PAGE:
Recall what the Roman Catholic Church was like in 1967.
The Second Vatican Council had just concluded and was only beginning to have an impact. The Latin Mass was being set aside and Catholicism had just begun its efforts to reach out to other Christians and to Jews.
No non-Italian pope had been elected since 1522 and the most recent international catechism dated from 1566. American Catholics anxiously wondered what Pope Paul might say about birth control, a subject he was considering at the time.
In society at large, atheistic Communism controlled Eastern Europe, abortion was mostly illegal, homosexuality largely closeted and test-tube babies and cloning were the stuff of science fiction.
So when the New Catholic Encyclopedia was issued in 1967, rapidly evolving events made it out of date almost immediately. Supplementary volumes tried to keep pace, but a complete overhaul was obviously necessary.
Now the second edition is finally available, in print and e-book formats. A monumental achievement, it consists of 15 volumes, 12 million words and 12,000 articles from 4,000-plus scholars, some of whom worked for free. Its aim: authoritative summaries for every important Catholic topic in theology, ethics, worship, history, social trends and biography.
The Catholic University of America controlled the contents, but needed funding and expertise from the publisher, Gale, to make the project possible. The team rushed out the work in just three years, typically processing 100 articles a week.
"It should have taken a year just to figure out what needed to be done," says associate editor Gregory LaNave. "The scope of the work was always daunting,"
The 1967 version was far less rigid than the defensive Catholic Encyclopedia of 1907-14 (now accessible for free on the Internet). The current edition takes even greater note of dissent from the church's official positions.
The Rev. Berard Marthaler, 75, the chief editor and longtime religious education chairman at Catholic University, stresses that his colleagues were "doubly careful to present the church's position authentically," because Catholic officials no longer screen reference works or give them the church's imprimatur.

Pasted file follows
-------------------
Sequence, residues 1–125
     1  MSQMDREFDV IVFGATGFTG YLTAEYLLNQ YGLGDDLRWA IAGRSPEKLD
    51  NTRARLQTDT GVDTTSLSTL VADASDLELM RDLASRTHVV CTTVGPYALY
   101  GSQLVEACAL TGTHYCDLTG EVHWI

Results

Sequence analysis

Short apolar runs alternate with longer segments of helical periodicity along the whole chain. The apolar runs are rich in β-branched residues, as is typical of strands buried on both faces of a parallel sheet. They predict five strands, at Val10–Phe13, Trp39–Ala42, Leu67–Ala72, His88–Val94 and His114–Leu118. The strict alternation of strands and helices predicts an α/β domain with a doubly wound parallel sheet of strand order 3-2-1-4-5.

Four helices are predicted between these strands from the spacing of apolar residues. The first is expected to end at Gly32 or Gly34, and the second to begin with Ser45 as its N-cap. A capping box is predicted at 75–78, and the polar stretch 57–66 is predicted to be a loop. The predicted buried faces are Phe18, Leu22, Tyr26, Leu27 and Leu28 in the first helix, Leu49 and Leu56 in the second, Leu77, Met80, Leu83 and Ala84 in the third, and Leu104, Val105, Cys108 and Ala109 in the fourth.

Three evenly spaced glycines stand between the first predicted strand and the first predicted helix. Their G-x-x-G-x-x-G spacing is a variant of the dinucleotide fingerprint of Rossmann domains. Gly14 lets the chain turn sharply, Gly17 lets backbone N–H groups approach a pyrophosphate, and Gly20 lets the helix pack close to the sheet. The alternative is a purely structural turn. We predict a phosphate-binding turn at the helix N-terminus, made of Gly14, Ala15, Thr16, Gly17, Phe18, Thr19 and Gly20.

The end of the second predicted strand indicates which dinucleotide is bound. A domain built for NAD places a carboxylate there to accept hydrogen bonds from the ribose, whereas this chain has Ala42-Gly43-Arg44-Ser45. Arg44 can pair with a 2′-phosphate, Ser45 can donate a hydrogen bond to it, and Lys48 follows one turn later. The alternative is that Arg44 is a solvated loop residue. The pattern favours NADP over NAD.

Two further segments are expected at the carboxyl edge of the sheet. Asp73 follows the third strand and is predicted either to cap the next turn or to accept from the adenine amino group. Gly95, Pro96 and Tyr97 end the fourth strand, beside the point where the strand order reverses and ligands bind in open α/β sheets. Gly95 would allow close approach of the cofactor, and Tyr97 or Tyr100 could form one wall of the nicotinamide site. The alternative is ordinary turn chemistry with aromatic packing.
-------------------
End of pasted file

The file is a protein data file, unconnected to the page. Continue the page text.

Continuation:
"There is a descriptive approach to everything," he says. "Where the church had taken a position, we would report that. Where the position was debated, we would report those points of view."
The work states matter-of-factly that Pope Paul's 1968 encyclical against artificial birth control methods "has not been effectively received or widely practiced." It notes the "majority professional view" that homosexual inclinations are "inborn, immutable and a normal variant of human sexuality," even though the church disagrees.
The second edition draws upon the 1967 text, but each article from "A Cappella" to "Zwinglianism" was re-examined. Most got new bibliographies and about a third were heavily reworked. Ten percent of the articles are new, including "Human Genome" and "Womanist Theology."
Among massively renovated topics: women, the laity, liturgical reforms, changes from the 1983 Code of Canon Law, the 1992 catechism, attitudes toward Protestantism and Islam, biomedical advances, archaeological finds and liberal trends in Bible scholarship. The editors also beefed up treatments of developing nations and Eastern Orthodox and Eastern Catholic churches.
The first volume alone displays the riches. "Abortion (U.S. Law)" is addressed by attorney Helen Alvare, the U.S. bishops' longtime spokeswoman on the practice. "Academic Freedom" carefully assesses Catholic college leaders' declaration of "true autonomy" from outside clerical control in 1967, and the Vatican's campaign ever since to maintain their loyalty to church teaching. "Ars Moriendi" (the art of dying) gets new, in-depth treatment from a Protestant.
Criticisms of some past popes are aired, but the encyclopedia vigorously defends Pius XII's conduct during the Nazi period and calls John Paul II "the pivotal figure" in felling European Communism. The numerous deeds of John Paul's long and activist papacy altered many articles.
Some writers faced special challenges in working on their articles.
Father John Prior wrote his material on Indonesia by hand and dispatched it from the interior of Papua, New Guinea, by boat messenger. The most prolific contributor, by far, was Katherine Rabenstein, an expert on saints who labored hard to keep up with more than 1,200 canonizations by John Paul.
Still, it's impossible for any encyclopedia to be up to the minute.
The church's toughest problem of the last year -- clerical sex abuse of minors -- is barely mentioned. The last years of Cardinal Bernard Law's Boston tenure "were clouded by a major scandal over his handling of pedophiles in the priesthood," the reader is told. But the article on the Lafayette, La., diocese ignores that the scandals began there in 1984.
Whatever the omissions, lay Catholic Thomas Carson, who shepherded the encyclopedia at Gale, takes pride in the production.
"This is beyond a book to me," he says. "This is a big part of my life. They can bury me with a copy."